January 15, 1999
Meeting of the General Faculty and the Faculty Council
January 15, 1999, 3:00 p.m.
Redbud Room, Friday Continuing Education Center
Chancellor Michael Hooker and Professor Richard N. Andrews will preside.
INFO DISC 3:00 Chancellor’s Remarks and Question Period
Chancellor Hooker invites questions and comments on any topic.
INFO 3:20 Welcome to the Friday Center Norman Loewenthal, Senior Associate Director, Friday Center
INFO 3:25 Chair of the Faculty’s Remarks Richard N. Andrews
INFO 3:40 Call for Nominations for the Spring Faculty Elections Joseph S. Ferrell
ACT 3:45 Proposed Amendments to the Instrument of Student Judicial Governance
- Beverly Foster, Chair, Committee on Student Conduct
DISC 3:50 Development and Uses of the Horace Williams Tract Jonathan Howes, Office of Development, and James Ramsey, Vice Chancellor for Finance & Administration
INFO 4:10 COEUS Electronic Research Administration System Robert Lowman, Director of Research Services
INFO 4:25 Annual Report of the Advisory Committee Gilbert C. White, Chair
INFO 4:30 Annual Report of the Committee on the Status of Women Abigail Panter, Chair
ACT 4:40 Second Reading of Amendments to the Faculty Code of University Government
- Res. 98-18. To Establish the University Committee on Copyright. Adopted on first reading 12/11/98.
- Res. 98-19. To Establish the Faculty Information Technology Advisory Committee. Adopted on first reading 12/11/98.
- Res. 98-20. Concerning Nominations, Elections, and Filling Vacancies. Adopted on first reading 12/11/98.
- Res. 98-21. To Establish the Division of the School of Information and Library Science for Purposes of Faculty Council Elections. Adopted on first reading as amended 12/11/98.
ACT 4:45 Adjourn
INFO 4:45 Tour of the Friday Center
Joseph S. Ferrell
Secretary of the Faculty
ACT = Action
INFO = Information
DISC = Discussion
Present (61): Adler, Angel, Assani, Bender, Blackburn, Bluestein, Bowen, Clegg, Collins, Cordeiro-Stone, Covach, Cravey, Dalton, Daye, Devellis, Eckel, Elvers, Estroff, Favorov, Fishman, Fox, Gasaway, Grossberg, Holmgren, Hooper, Huang, Hyatt, Johnson, Kaufman, Kjervik, LeFebvre, Lentz, Levine, Lord, Lubker, Ludlow, Madison, Maffly-Kipp, Margolis, McKeown, Mill, Molina, Moreau, Nord, Owen, Pagano, Panter, Passannante, Plante, Raper, Rosenfeld, Schaller, Sekerak, Shea, Steponaitis, Straughan, Strauss, Tysinger, Vevea, Weiss, Werner.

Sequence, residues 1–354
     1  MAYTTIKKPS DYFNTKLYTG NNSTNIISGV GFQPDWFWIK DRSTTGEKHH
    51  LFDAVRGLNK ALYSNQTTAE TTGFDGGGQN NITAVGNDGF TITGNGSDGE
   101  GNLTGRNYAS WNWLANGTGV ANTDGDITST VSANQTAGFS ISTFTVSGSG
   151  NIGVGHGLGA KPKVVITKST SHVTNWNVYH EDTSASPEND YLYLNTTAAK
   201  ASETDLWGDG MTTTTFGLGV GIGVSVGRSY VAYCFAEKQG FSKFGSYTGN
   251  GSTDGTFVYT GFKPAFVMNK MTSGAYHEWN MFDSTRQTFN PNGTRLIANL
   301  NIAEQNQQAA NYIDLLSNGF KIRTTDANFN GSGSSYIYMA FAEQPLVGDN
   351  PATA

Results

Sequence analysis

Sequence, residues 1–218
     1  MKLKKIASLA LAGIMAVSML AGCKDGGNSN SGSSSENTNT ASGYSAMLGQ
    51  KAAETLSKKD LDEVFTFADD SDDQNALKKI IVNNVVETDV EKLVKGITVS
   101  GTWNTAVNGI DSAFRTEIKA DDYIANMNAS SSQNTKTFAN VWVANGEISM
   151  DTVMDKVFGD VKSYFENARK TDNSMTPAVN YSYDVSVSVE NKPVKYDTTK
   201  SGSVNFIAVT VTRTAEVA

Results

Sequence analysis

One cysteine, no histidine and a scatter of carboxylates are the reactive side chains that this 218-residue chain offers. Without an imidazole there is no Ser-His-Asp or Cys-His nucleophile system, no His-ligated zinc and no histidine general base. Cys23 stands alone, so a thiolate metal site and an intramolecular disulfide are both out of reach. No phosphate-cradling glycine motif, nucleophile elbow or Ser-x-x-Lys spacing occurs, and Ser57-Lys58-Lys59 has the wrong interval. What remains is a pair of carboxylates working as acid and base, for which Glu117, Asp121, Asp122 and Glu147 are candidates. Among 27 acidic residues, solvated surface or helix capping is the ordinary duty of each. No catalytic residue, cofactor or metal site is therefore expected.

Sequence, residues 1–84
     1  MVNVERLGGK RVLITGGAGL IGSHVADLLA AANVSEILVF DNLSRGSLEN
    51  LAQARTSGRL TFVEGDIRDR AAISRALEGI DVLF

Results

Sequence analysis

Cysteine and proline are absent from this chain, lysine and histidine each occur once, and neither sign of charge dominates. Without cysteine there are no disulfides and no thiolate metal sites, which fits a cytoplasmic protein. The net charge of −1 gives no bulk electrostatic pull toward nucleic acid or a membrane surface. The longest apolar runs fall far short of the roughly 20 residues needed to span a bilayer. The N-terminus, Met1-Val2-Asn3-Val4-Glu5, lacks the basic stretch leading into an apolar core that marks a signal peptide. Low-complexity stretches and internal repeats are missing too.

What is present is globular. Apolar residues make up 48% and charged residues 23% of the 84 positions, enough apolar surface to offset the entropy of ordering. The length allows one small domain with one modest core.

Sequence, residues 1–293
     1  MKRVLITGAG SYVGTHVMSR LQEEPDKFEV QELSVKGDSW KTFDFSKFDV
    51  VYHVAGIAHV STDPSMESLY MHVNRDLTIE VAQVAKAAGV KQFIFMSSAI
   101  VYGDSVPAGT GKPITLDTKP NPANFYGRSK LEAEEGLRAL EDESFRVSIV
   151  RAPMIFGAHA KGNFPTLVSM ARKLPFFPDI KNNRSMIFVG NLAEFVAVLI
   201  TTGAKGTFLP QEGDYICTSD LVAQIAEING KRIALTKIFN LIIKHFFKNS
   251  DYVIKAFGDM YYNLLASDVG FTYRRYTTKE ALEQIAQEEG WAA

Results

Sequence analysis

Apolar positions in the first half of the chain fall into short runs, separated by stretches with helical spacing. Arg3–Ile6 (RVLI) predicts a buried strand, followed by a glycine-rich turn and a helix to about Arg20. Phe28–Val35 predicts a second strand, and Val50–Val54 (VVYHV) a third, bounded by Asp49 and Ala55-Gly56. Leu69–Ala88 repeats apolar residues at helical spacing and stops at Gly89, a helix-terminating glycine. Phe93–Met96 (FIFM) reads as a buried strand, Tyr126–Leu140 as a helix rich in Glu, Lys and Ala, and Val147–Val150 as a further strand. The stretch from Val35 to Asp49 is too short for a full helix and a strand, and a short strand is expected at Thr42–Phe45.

Excused absences (18): Bandiwala, Black, Bolas, Carl, Debreczeny, Foshee, Graves, Harrison, Hattem, Jackson, Marshall, Newton, Pfaff, Platin, Postema, Raab-Traub, Thorp, White.
Unexcused absences (7): Graham, Haskill, Meehan-Black, Melchert, Taft, Wells, Williams.
Chancellor Hooker noted that today is the 203rd anniversary of the opening of the University on January 15, 1795. He then turned to the University’s prospects in the upcoming legislative session. The outlook is not promising. The General Assembly is facing a major revenue shortfall due to many factors. He does not think the possibility of a state lottery offers much hope in the near future. There is no assurance that the voters will approve a lottery if one is proposed, and even if it were approved, no money is likely to flow from that source in this fiscal year.
The chancellor praised Prof. James Peacock’s address at the December commencement ceremonies. Prof. Peacock called on the University to aspire to international prominence in the twenty-first century as it had aspired to regional prominence in the first half of this century and national prominence in the second half. He also complimented the work of Prof. Mark Taylor of Williams College, who is visiting here this year in the Department of Communication Studies.